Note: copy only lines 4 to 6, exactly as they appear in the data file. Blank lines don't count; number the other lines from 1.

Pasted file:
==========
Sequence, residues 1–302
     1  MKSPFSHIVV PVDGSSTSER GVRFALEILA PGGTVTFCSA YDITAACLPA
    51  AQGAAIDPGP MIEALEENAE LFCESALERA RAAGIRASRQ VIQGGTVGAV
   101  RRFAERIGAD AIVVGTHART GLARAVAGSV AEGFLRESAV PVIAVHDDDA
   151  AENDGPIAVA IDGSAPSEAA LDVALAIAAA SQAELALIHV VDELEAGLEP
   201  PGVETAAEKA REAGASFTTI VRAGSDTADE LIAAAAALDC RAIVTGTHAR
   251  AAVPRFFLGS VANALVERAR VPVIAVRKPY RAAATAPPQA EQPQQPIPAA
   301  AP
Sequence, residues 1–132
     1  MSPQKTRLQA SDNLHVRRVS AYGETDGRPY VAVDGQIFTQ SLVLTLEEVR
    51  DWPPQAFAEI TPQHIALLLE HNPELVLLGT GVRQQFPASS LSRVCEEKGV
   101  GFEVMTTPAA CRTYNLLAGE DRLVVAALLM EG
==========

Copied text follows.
   101  RRFAERIGAD AIVVGTHART GLARAVAGSV AEGFLRESAV PVIAVHDDDA
   151  AENDGPIAVA IDGSAPSEAA LDVALAIAAA SQAELALIHV VDELEAGLEP
   201  PGVETAAEKA REAGASFTTI VRAGSDTADE LIAAAAALDC RAIVTGTHAR